How do Short Sales Work

What is a Short Sale?

A short sale occurs when a lender agrees to accept less than the full balance of the amount owed in order to release their lien on real property. Short sales have become a popular solution for homeowners who wish to sell their property but owe their lender(s) more than their home is worth.


  • You may want to seek legal and/or tax advice before initiating a short sale.
  • If you are interested in pursuing a short sale, you must document your financial hardship. You must be able to prove to your lender that a situation exists making you unable to afford your current mortgage payment, your current income does not allow you to afford your monthly payment, or you are financially distressed.
  • Possible outcomes of an approved short sale include, but are not limited to:
    • Your Lender will issue an IRS Form 1099-C reporting the amount of debt that was "forgiven", which may be taxable. 
    • Your Lender may accept an amount to release the lien but keep the account "open" to charge off or send to collections; meaning you remain personally liable for the unpaid balance.
    • Your Lender may seek a deficiency judgment against you for the unpaid balance.
    • Your Lender may require that you bring some funds to closing; and/or require that you enter into an unsecured loan.
    • There may be credit implications- these usually pertain to late payments. Your account will be shown as settled which is not as severe as credit implications arising from a foreclosure of your property.
  • Lenders will want to see financial records (i.e. bank statements, paystubs, tax returns etc.)
  • Lenders will perform an appraisal to determine fair market value and will reject "low ball" offers.  Therefore, the property should be listed at market value.
  • Contact your lender(s) to:
    • Get a fax number for their short sale and/or loss mitigation department.
    • Obtain/submit Third Party Authorization form allowing your Agent and/or TSG to help monitor the status of your loan and communicate with the lender(s) throughout the process.
    • Monitor loan status until closing.
  • Contact TSG as early in the process as possible. We will:
    • Order loan payoff(s)
    • Get HOA Dues and County Property Tax status
    • Order prelimary title examination to verify any liens filed since your acquisition of the property.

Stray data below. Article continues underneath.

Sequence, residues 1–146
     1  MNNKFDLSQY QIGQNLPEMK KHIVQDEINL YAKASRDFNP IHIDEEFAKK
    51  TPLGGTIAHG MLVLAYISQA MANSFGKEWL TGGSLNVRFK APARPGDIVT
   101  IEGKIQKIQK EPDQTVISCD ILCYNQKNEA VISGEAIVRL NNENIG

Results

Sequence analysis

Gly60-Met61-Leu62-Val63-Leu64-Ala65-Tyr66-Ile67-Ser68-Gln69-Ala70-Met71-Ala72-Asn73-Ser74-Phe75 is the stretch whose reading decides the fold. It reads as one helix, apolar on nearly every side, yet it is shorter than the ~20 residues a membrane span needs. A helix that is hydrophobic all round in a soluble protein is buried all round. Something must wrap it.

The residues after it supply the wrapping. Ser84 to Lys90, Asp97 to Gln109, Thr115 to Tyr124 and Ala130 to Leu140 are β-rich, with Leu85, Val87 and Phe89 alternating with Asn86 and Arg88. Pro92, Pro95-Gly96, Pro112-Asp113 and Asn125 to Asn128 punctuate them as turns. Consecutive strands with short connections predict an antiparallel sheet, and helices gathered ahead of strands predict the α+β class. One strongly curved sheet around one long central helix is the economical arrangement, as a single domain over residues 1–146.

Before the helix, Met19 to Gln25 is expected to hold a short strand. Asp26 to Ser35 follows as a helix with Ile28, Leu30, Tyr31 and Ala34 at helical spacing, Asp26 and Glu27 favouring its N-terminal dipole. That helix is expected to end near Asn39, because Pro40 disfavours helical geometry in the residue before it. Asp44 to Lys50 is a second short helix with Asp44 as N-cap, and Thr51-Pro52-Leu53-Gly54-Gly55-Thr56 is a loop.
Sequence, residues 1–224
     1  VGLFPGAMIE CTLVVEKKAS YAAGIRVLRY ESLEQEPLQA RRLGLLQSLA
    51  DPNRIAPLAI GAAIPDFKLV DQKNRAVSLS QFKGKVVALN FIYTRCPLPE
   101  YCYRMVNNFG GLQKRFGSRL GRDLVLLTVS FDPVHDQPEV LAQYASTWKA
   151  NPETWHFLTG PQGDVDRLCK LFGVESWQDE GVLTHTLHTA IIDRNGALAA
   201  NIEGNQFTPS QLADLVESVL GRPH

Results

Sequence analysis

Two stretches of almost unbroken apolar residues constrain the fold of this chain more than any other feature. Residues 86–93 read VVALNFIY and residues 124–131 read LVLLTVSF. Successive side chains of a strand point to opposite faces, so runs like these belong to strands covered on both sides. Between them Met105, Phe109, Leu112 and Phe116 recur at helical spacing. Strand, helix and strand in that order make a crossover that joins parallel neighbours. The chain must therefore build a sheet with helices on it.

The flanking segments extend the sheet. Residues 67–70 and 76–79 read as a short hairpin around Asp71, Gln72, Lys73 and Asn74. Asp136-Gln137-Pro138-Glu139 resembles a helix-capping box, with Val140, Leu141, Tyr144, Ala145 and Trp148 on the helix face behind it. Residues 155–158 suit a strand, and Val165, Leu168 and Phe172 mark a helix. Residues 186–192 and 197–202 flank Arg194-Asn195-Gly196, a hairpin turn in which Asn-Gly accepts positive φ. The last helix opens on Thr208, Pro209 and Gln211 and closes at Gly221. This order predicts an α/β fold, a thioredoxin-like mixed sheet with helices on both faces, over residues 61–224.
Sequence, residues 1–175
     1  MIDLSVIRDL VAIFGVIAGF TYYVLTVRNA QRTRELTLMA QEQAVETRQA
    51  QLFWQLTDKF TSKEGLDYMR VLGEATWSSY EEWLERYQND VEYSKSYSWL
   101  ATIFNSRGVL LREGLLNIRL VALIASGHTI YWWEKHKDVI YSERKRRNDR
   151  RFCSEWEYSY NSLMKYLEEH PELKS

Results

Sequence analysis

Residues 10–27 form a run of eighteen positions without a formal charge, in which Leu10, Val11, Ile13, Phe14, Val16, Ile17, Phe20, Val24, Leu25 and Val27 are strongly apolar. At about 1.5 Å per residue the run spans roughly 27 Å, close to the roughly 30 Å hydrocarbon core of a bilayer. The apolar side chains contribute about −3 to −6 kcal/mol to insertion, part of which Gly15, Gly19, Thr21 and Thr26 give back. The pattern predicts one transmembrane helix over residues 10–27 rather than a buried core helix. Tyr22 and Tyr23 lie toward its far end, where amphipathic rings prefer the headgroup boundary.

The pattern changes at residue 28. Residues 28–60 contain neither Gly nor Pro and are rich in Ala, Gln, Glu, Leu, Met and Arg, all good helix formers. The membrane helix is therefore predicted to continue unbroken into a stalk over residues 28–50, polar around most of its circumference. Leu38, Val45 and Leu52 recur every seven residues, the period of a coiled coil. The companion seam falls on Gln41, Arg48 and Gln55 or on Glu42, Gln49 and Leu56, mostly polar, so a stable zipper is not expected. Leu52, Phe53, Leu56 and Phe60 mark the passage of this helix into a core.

• Prepare a preliminary Settlement Statement for your lender’s review/approval.
  • Additional pertinent information
    • Have you received foreclosure notices?
    • Are you currently in bankruptcy?
    • Are you U.S. Citizen or resident alien?

Buyers and Sellers


  • Advisable not to allow pre-occupancy or rentbacks
  • The property should be sold in its "AS IS" physical condition as of the contract date.  Be sure to use the appropriate contract addendum.
  • Home Inspections at Buyer’s expense and should be for informational purposes only
  • Termite Inspection/Treatment and repairs at Buyer’s expense
  • Well and Septic Inspections and repairs at Buyer’s expense
  • Home Warranty paid by Buyer
  • Final Walk-Thru permitted for convenience but not for additional negotiations
  • Must show Third Party Approval required- Use the appropriate contract addendum.
  • A contract is ratified once it is signed by the seller and buyer. Third party approval is only a contingency as the lender(s) do not sign the contract; they provide their own separate approval of the terms of the transaction.
  • Avoid use of electronic signatures.  "Wet-ink" signatures/initials are required by most lenders. 

Patience and Persistence…

  • It is recommended that the Agent and/or TSG follow up with the lender(s) every 2-3 days to see how things are moving along, even if they tell you not to call that often.
  • Update Selling Agent and Buyer at least once a week. Communication is imperative.
  • Lender(s) will assign their files to a negotiator approximately 2-4 weeks after the package is received. This person will handle the file through the approval process.
  • Lender will order their own BPO (Broker Pricing Opinion/Appraisal). They may counter the contract offer based on the value of the BPO.
  • Approval/denial usually comes within 2-6 weeks of BPO approval.
  • The average turnaround time for approval or denial is 45-60 days. However some have taken significantly longer.
  • Carefully review all terms contained in the approval letter from each lender before settlement.

Additional Information for Buyers

  • Ask your Agent to interview the Listing Agent to make sure they know what they are doing. Important questions to ask:
    • Have you handled many or any other short sales?
    • Is there a 1st and 2nd lien on this property? Are they with the same lender?
    • Has a preliminary title search been done?
    • Have you checked the seller for bankruptcy?
    • Has a foreclosure date been set?
    • Is this the first contract on the property?
      • IF YES: Do you have all of the required documents from the seller to submit to the lender(s)
      • IF NO: Has the lender(s) done their appraisal?
      • Do you have an estimated timeframe that you expect to get approval; or were you on the verge of approval when the last contract fell through?
  • Expect the lender(s) to counter your offer
  • Patience is a must on short sale - it can be a slow process. If you are in a "have to move" situation, then a short sale is probably not right for you.
  • Suggested Terms in the Contract
    • Buyer reserves the right to cancel contract at any time prior to 3rd party approval
    • Consider delaying other contingencies (appraisal, financing, etc) until 3rd party approval is received
    • Indicate earnest money deposit will be given and deposited upon 3rd party approval
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